The Human Rights Act 1998 is the law that exists to ensure that every person's fundamental human rights are respected and protected here in the UK. It does this by taking some of the fundamental human rights in the European Convention on Human Rights and making them applicable to our laws here in the UK.
Some of the effects of the Act have been contentious and have at times gained significant media attention. In December 2021, the Government announced a new consultation with proposals to replace the Human Rights Act (the Act) with a British Bill of Rights. You can read more about the consultation in a British Institute of Human Rights’ briefing available here.
In response to the consultation, an open letter has been prepared in which a number of charitable organisations are urging the Government to retain the existing Act. Current signatories include the Joseph Rowntree Charitable Trust and the Co-op Foundation.
The letter says that “[t]here are compelling reasons why the current approach to human rights accountability should be retained. The... Act has greatly benefited a vast number of people from across society, improving their health and wellbeing; ensuring their dignity, autonomy, privacy, and family life; and overall improving their quality of life.” It also raises a number of concerns about the proposed new Bill.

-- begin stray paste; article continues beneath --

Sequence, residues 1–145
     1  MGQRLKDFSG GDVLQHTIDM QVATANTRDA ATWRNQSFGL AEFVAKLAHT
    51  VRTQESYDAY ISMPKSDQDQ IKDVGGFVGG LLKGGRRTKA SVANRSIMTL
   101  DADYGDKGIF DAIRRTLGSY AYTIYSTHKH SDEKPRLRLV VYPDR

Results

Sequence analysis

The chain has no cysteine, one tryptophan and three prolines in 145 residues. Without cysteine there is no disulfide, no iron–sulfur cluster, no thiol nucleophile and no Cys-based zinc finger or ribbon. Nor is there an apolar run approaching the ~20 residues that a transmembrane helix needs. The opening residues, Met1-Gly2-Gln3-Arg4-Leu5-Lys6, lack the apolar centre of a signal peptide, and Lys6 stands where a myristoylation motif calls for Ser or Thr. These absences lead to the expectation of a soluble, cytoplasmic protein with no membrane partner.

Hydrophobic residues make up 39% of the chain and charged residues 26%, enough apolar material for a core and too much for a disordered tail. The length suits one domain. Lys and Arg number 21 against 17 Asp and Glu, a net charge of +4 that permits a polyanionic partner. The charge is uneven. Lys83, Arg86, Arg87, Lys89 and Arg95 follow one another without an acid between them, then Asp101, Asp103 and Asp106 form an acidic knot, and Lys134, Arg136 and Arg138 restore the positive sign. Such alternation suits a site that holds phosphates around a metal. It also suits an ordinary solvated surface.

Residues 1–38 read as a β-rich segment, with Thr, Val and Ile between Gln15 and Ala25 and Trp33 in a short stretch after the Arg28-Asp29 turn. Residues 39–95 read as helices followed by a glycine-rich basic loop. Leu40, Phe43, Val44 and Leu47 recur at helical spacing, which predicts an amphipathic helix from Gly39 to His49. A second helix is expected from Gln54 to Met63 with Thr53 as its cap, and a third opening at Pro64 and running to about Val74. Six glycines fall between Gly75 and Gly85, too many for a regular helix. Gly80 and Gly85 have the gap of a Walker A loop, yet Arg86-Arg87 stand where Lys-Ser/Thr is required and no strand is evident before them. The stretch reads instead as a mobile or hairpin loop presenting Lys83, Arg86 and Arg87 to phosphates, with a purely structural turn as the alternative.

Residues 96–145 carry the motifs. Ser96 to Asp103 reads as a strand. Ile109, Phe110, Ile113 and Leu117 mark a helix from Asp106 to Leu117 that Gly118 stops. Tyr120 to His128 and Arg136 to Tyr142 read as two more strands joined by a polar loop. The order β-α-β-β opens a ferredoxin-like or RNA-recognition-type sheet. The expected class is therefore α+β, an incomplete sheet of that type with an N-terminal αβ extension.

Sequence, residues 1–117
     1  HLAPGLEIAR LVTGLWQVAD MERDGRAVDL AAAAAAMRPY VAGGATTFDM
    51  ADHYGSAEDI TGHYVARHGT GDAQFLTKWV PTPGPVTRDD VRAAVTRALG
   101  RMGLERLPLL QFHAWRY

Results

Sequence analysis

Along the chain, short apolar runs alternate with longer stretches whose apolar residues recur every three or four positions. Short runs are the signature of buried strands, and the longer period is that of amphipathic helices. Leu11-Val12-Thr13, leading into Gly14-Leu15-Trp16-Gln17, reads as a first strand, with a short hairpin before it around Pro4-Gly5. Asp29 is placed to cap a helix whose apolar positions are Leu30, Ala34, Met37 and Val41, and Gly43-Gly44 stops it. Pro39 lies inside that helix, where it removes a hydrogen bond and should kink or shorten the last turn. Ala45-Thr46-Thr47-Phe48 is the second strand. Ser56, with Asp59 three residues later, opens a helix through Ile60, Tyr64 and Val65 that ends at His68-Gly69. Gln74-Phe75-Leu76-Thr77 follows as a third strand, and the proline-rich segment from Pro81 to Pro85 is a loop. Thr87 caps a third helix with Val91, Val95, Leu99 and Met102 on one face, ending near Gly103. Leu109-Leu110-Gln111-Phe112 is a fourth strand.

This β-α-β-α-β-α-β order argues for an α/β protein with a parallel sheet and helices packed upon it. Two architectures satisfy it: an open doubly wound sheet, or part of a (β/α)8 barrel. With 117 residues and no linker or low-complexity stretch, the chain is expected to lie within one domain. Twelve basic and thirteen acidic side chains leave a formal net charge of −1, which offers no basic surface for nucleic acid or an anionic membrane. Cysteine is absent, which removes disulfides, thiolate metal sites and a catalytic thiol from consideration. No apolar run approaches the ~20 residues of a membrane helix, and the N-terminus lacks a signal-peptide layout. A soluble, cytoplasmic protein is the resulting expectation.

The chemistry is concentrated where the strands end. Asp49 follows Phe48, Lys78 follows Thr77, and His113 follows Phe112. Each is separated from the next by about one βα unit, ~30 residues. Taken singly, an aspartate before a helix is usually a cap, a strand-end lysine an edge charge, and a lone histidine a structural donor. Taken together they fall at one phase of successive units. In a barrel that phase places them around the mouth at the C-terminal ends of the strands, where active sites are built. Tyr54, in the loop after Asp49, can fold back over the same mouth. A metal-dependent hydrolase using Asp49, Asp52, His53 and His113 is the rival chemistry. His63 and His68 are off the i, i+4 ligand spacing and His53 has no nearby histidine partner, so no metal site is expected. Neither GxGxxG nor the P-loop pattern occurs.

Other organisations can sign the letter by emailing firstname.lastname@example.org with the name of the signatory, job title and full organisation name until Friday 4 March. The final response to the consultation will be submitted on 8 March.
The Human Rights Act as presently drafted supports people across the UK to live more equal and dignified lives. In order to build greater public confidence... a focus should be given to the proper promotion of, and education about, human rights as they currently appear in the Human Rights Act. It is our clear view that the UK government should not take these unnecessary and damaging proposals any further. To do so will weaken the human rights of everyone.